In addition to these focal points: Answer the question your target buyer is asking and, be ‘authentic’ when doing so. One way to know how your target audience is responding to your content and intended keywords is the multitude of tools out there: Bing webmaster tools, Google webmaster tools, and others can assist you with maximizing the impact of your site, to your target buyers.
Now for the things you “should not do.”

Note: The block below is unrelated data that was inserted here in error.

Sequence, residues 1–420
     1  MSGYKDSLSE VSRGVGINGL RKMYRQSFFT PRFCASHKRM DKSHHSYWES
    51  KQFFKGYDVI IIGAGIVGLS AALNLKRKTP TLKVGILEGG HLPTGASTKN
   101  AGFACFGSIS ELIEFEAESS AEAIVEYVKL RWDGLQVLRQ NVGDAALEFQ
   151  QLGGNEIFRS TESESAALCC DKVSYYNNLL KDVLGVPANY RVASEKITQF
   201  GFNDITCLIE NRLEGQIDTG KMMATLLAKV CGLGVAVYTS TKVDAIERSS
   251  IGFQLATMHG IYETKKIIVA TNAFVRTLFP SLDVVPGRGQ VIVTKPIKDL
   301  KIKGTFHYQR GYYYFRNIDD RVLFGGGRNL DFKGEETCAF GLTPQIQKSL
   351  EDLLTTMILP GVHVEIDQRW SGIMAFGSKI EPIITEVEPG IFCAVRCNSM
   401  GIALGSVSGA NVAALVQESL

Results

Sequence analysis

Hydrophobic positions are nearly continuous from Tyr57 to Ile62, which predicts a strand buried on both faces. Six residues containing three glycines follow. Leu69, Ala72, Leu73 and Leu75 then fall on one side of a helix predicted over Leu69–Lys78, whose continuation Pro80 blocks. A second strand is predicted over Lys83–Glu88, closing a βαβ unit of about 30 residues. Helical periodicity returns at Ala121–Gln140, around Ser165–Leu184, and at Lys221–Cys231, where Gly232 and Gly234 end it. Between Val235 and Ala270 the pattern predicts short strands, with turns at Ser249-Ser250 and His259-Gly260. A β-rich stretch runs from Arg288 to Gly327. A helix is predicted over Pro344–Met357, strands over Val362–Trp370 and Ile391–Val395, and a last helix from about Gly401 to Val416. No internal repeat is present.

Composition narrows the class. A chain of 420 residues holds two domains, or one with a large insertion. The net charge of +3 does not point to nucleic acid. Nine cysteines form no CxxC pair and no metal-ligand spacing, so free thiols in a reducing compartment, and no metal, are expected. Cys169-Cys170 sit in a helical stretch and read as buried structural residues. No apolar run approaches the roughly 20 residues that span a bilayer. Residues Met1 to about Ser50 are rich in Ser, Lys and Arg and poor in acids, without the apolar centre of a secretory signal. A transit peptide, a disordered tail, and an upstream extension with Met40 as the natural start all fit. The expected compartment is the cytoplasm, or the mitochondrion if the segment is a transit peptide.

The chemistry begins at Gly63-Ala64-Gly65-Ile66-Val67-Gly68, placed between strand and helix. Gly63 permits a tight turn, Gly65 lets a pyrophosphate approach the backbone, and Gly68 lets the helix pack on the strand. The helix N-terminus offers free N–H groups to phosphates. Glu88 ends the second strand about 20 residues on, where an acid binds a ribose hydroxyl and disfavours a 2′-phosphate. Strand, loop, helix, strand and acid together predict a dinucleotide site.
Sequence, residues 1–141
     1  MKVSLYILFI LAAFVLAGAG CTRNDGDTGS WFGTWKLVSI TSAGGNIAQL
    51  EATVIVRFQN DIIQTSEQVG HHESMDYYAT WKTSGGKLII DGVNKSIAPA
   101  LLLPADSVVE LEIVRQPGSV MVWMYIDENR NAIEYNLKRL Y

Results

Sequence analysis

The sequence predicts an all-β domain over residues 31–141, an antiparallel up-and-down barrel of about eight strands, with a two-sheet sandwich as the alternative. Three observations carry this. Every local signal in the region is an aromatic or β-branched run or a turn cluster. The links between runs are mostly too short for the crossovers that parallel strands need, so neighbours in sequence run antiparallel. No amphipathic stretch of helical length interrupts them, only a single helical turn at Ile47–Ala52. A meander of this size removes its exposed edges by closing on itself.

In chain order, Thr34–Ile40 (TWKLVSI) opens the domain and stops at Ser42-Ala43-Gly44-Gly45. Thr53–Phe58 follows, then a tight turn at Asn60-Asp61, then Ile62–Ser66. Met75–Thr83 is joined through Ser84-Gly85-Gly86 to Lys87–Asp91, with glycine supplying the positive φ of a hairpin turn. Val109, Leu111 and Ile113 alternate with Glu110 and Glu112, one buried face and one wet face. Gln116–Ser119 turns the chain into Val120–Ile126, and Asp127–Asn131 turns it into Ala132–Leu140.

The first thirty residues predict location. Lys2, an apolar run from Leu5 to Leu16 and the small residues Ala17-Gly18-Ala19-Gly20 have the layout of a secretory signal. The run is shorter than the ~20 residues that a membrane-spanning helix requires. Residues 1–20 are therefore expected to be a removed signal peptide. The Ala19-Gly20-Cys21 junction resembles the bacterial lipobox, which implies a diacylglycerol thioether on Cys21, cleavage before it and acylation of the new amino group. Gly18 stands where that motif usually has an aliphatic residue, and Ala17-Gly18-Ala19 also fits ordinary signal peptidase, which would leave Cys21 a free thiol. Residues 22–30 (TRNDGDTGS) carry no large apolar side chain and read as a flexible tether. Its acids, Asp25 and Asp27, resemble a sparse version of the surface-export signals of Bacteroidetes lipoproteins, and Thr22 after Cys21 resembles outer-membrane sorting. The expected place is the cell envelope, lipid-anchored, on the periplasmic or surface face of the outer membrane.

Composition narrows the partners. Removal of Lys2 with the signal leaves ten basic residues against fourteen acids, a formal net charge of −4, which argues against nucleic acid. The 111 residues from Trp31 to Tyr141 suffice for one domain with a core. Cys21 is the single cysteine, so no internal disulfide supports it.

In the presentation, Forrester recommends using Hootsuite to post to your Facebook, Twitter, and Google Plus via pre-selected RSS feeds. Based on my experience, I disagree. How many times have you followed a brand across multiple channels, only to see the exact same, un-original content on every site, two or three times a day? Do you want to continue following them? Do you get the feeling they are not really “there?” – They are probably not. Would you expect a quick response from someone who auto-posts other people’s articles to their social media? I wouldn’t. If the company doesn’t have the time to engage in person and post original thoughts at least once a day, they obviously don’t have a customer service person monitoring their feeds for comments, questions and complaints. It’s not a ‘bad’ thing to share articles from established authorities in your field, and you can build relationships by doing so – but it is easy to overdo and abuse the idea by making this your only content. Tools like Hootsuite can be valuable and important and make life easier – but consider posting an article to Facebook in the morning, then wait until afternoon to post it to Twitter. Gauge reaction, monitor your accounts for feedback, and respond appropriately. Don’t let a tool like Hootsuite become your “I never log in to my social accounts because I’ve got auto-posting set up and I don’t need to.” Similarly, don’t create multiple websites that host the same content. As with the “m dot” site, this is seen as redundant and will hurt, not help, your search rankings.